Now that the million-dollar-a-week lobbying campaign has fizzled in the Democratic-controlled House, federal and postal union leaders are looking to the Republican-dominated Senate to protect civil servants from Social Security.

The House last week approved a Social Security bail-out bill. It did so in spite of an unprecedented lobbying effort from federal and retiree groups, and costly round-the-clock radio and TV commercials that warned that the vote would be costly to the Social Security program and wreck the Civil Service retirement plan.

Union leaders lobbied hardest with friendly Democratic members and called in IOUs for past campaign favors. Despite it all, the House voted a bill to save Social Security that would put federal workers hired after January 1984 under Social Security and the CS retirement program.

Under the plan, which has White House support, present federal workers would remain in their own retirement system, which is outside of Social Security. New employes, however, would have to join and put 7 percent of their gross salary into the Civil Service pension program and 6.7 percent of their pay (on amounts up to $37,500) into the Social Security fund.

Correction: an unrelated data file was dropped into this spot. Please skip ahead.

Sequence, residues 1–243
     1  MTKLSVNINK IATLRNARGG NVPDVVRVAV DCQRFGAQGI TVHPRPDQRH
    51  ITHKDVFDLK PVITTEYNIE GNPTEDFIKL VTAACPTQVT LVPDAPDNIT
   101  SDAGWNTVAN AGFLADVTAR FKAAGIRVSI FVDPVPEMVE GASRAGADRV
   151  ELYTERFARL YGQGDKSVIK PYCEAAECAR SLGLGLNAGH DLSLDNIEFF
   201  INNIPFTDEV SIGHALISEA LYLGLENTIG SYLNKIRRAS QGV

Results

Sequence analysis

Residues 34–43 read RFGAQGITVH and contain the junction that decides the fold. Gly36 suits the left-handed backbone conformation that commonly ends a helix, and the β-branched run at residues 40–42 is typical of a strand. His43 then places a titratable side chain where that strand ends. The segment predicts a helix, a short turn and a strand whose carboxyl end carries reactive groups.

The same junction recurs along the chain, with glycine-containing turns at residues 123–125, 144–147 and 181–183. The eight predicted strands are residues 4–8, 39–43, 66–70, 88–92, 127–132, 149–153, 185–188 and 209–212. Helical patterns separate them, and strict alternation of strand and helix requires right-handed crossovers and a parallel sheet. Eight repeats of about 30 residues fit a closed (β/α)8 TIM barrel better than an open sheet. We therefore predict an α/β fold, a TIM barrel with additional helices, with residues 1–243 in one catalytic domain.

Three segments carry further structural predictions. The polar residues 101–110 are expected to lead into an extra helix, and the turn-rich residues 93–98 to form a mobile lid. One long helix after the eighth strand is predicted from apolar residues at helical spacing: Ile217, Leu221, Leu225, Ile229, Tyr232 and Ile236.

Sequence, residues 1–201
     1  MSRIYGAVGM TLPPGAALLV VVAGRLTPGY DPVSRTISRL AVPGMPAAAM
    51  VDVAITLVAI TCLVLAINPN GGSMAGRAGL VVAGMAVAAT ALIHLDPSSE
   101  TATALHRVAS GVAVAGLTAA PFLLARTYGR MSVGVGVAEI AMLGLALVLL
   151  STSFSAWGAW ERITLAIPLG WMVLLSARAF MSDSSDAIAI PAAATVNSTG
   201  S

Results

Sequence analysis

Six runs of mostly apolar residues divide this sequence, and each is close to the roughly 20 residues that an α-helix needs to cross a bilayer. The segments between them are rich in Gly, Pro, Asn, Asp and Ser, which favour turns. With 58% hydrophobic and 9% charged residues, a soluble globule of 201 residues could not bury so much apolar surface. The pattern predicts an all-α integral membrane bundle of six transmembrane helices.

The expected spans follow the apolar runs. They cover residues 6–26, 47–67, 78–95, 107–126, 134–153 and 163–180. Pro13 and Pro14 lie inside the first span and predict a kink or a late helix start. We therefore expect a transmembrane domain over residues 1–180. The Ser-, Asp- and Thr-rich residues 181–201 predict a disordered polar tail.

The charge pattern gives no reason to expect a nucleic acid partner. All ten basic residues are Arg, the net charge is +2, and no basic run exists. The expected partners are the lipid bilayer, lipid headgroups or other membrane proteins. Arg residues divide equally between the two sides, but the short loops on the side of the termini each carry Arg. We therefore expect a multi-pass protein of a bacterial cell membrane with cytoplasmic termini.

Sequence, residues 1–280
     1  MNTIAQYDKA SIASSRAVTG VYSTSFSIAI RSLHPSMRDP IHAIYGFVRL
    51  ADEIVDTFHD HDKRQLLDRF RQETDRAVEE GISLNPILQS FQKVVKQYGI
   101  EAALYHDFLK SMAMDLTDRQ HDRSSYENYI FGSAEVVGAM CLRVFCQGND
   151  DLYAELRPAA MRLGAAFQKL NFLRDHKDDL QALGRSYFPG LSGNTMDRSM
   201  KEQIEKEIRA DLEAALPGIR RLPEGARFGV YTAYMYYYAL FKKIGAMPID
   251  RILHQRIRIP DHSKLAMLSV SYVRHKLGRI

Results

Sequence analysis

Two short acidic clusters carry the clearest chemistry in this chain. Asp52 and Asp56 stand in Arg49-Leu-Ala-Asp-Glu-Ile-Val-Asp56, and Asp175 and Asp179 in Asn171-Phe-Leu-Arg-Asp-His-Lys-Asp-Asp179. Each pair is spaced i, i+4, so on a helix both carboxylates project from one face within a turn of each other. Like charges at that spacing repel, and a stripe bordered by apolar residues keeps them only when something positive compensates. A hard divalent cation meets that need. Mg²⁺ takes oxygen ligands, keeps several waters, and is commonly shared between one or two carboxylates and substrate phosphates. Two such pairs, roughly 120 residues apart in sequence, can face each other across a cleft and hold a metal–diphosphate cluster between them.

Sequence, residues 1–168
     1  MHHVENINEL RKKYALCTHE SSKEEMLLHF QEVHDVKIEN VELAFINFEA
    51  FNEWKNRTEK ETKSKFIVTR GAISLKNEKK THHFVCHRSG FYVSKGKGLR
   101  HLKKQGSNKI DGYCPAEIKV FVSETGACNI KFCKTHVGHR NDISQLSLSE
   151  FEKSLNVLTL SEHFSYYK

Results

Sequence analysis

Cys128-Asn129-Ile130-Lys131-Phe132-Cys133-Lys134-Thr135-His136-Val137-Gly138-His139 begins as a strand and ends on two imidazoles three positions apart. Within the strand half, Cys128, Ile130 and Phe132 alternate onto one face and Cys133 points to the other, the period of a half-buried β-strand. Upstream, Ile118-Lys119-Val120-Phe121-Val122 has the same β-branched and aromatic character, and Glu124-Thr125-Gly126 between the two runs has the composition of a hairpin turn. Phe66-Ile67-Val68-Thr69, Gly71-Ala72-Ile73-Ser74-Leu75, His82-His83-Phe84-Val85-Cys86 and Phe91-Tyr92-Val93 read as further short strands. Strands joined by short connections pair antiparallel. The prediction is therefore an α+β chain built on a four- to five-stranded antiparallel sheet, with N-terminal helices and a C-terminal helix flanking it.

On Tuesday the Senate takes up a Social Security financing measure similar to the one already cleared by the House.

Federal and postal union leaders--some of whose jobs are riding on the outcome--hope to find a friendly senator to introduce an amendment that would delay mandatory Social Security coverage until 1985 or until a modified Civil Service retirement program could be set up for employes who would be covered by both systems.

If the Senate approved such a delay it would be one of the items to be resolved in a Senate-House conference on the final shape of the entire Social Security package.

Union leaders feel, probably correctly, that if they can get a delay in mandatory Social Security coverage for federal workers, they can get next year's election-year Congress to kill mandatory coverage. House Democratic leaders had the same feeling, which is why they pushed for the Jan. 1, 1984, coverage date for new federal workers. Most members of Congress do not want to have to deal with any Social Security issue in an election year.